TORONTO – The Honourable Elizabeth Dowdeswell, Lieutenant Governor of Ontario will present three exceptional young leaders with the Lincoln M. Alexander Award today to recognize their commitment to anti-racism and equity in their communities.
The Honourable Lincoln M. Alexander, Canada’s first Black Member of Parliament, Cabinet Minister and 24th Lieutenant Governor of Ontario, was a leading figure in the fight for racial equity in Canada. This year marks the 100th anniversary of his birth.
The Lincoln M. Alexander Award is given annually to students and community leaders who have demonstrated exemplary leadership in working to eliminate racial discrimination. Each recipient receives a $5,000 cash award and a personalized certificate.
The 2021 award recipients are:
Sydney Hussett-Richardson. The 23-year-old is the founder of Blackspace at McMaster University and works to dismantle racism and end racial discrimination through public health by developing workshops and programs for her community
Emmanuel Adegboyega. The 18-year-old co-founded the Black History Committee at his high school and worked on a special project with the Toronto Catholic District School Board to dismantle racism and discrimination in schools
Dina Efrem. The 18-year-old was co-president of her school’s Diverse Student Union where she hosted numerous discussions both at school and in her Ottawa community on race, equity, and social justice.
“One hundred years after Lincoln Alexander was born, there remain distinct inequities and inequalities in our society, and the pandemic has only made them worse,” said Lieutenant Governor Dowdeswell. “Yet, in my time as lieutenant governor, I have met so many young Ontarians who are committed to making meaningful and lasting change. I congratulate this year’s Lincoln Alexander Award recipients, Sydney Hussett-Richardson, Emmanuel Adegboyega, and Dina Efrem, on behalf of a grateful province. May these awards, given in his name, encourage recipients to continue the remarkable work they are doing to build community in these extraordinary times.”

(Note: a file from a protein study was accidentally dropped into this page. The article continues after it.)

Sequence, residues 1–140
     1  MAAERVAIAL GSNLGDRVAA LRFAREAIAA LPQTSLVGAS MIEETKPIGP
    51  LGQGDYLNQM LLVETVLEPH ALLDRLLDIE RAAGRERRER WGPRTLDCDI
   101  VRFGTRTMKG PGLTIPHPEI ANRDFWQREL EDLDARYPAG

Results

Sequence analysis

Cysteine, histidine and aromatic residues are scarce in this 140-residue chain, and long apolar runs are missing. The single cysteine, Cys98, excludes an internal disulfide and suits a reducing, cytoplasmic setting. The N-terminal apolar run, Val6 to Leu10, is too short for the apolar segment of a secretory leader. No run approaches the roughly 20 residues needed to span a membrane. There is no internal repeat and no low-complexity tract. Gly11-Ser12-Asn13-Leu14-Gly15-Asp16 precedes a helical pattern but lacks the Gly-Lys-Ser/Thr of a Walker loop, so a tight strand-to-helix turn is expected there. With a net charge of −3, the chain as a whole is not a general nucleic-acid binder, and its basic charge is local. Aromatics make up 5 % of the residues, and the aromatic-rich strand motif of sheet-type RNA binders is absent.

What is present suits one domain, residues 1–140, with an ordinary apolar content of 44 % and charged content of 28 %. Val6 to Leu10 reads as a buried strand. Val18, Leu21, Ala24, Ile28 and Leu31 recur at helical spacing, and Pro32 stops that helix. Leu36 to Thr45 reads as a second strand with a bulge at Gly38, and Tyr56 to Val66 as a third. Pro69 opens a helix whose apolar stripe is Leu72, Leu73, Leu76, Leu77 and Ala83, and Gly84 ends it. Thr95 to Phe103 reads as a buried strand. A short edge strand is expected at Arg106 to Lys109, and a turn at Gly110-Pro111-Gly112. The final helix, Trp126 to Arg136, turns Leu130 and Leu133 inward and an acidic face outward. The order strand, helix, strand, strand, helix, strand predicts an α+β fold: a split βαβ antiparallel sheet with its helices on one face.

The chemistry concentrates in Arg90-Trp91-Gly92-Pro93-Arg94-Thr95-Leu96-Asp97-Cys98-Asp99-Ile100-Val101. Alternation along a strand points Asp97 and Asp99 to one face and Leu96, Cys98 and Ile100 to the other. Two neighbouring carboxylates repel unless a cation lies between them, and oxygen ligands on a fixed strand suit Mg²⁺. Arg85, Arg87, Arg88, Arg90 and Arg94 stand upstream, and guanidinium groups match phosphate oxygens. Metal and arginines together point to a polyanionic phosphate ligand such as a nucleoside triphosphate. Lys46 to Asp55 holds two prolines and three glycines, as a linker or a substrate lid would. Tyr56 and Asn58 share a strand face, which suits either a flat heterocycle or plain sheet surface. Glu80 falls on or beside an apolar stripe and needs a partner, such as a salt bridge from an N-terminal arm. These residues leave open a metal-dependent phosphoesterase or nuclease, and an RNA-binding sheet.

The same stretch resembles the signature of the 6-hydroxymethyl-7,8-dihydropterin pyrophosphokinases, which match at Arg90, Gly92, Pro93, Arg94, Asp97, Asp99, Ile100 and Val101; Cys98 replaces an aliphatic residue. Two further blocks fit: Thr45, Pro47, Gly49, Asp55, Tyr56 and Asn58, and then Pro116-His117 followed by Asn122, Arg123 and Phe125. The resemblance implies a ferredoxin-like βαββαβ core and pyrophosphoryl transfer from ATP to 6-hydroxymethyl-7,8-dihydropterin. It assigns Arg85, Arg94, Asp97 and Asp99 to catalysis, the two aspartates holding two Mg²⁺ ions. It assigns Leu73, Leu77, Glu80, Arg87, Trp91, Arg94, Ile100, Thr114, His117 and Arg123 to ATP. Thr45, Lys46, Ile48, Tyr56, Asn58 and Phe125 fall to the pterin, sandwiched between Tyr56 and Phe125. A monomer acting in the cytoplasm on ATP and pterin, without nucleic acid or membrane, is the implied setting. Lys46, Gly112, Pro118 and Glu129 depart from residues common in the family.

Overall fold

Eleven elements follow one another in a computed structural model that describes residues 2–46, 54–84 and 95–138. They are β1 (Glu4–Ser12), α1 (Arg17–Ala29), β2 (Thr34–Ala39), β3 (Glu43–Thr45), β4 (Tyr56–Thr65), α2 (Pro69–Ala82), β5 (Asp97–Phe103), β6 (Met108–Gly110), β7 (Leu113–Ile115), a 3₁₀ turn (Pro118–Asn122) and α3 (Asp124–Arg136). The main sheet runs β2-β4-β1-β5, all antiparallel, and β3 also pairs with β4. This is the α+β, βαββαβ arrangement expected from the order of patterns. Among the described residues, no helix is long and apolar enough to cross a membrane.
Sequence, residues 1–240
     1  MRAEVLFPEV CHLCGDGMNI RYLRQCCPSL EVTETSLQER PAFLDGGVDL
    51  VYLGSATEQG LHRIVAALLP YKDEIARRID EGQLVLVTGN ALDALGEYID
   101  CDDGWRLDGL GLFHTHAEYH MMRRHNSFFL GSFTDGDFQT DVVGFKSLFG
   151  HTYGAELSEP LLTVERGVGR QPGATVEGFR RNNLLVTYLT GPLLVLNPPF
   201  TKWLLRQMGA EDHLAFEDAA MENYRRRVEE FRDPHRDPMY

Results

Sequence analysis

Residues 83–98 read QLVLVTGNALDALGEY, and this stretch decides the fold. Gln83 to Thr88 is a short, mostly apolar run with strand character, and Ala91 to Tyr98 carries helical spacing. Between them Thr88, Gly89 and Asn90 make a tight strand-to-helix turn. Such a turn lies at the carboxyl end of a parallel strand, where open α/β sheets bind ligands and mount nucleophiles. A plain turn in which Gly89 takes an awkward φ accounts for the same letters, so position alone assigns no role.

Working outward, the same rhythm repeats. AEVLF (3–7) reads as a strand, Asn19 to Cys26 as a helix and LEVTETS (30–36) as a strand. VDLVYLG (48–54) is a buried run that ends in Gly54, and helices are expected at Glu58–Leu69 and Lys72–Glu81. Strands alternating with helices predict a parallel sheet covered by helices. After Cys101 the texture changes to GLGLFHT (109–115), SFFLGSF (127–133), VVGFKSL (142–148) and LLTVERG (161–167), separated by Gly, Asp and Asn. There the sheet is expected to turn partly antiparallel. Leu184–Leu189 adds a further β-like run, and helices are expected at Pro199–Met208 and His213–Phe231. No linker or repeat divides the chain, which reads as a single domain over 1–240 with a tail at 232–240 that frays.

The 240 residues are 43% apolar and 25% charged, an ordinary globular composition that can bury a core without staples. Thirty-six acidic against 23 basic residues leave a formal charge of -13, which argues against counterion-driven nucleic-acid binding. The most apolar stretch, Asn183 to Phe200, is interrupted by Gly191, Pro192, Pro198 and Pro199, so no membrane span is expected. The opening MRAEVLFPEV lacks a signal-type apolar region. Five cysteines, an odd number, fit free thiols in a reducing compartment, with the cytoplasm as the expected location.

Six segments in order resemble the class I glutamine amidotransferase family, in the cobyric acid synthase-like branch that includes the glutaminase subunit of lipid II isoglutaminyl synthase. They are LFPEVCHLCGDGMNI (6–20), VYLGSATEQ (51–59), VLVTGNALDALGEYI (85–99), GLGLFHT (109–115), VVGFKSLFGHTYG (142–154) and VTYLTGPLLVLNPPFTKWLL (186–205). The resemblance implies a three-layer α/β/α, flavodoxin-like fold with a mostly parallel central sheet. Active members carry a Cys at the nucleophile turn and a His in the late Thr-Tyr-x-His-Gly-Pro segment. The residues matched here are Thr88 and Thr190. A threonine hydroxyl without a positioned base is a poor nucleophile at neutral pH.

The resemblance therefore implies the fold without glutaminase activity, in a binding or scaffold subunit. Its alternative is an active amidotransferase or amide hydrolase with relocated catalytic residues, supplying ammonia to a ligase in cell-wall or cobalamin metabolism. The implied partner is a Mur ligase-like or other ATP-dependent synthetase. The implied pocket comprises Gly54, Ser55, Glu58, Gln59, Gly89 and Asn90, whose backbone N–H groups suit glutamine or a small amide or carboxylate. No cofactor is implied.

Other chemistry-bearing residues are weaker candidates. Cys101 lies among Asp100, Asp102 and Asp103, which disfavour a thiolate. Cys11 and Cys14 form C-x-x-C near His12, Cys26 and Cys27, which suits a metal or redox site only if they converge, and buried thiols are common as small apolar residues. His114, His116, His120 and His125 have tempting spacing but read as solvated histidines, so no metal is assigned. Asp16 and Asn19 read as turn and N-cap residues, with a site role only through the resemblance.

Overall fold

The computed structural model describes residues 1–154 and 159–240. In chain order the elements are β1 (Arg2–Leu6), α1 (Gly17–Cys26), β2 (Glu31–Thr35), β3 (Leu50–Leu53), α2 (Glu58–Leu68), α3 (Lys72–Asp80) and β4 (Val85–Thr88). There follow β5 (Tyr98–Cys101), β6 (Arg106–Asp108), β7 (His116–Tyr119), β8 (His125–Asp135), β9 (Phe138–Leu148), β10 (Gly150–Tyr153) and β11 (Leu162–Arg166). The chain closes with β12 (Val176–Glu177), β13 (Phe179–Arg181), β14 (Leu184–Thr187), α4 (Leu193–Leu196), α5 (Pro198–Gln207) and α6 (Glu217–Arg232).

In provincial, federal, public and private roles, Lincoln M. Alexander consistently advocated for the equal treatment of Black Canadians.
“Ontario is proud to be the home of these dynamic young visionaries who are working hard to make our province more equitable and inclusive,” said Parm Gill, Minister of Citizenship and Multiculturalism. “Ontario endeavours to be a place where all people can live free of discrimination and enjoy equal opportunities for success. It is inspiring to see young people across our province walking in Lincoln Alexander’s footsteps by striving to eliminate racial discrimination and promote social inclusion and equity in their communities.”
“At his core, Lincoln M. Alexander was a pioneer, public servant, and fiercely proud Canadian,” said Stephen Lecce, Minister of Education. “The next generation of leaders are building upon his legacy and life of service by carrying on the critical work of building inclusive societies that reject racism and hate. I want to extend my personal gratitude to this year’s recipients of the 2021 award, as they inspire our country with courage, action, and transformational change.”
The government encourages all Ontarians to consider nominating outstanding young leaders for this award. Ontario’s robust and extensive honours and awards program also includes the Ontario Medal for Young Volunteers and the Volunteer Service Award. Please visit Ontario’s website for more information or to nominate an exceptional young leader, volunteer or volunteer organization.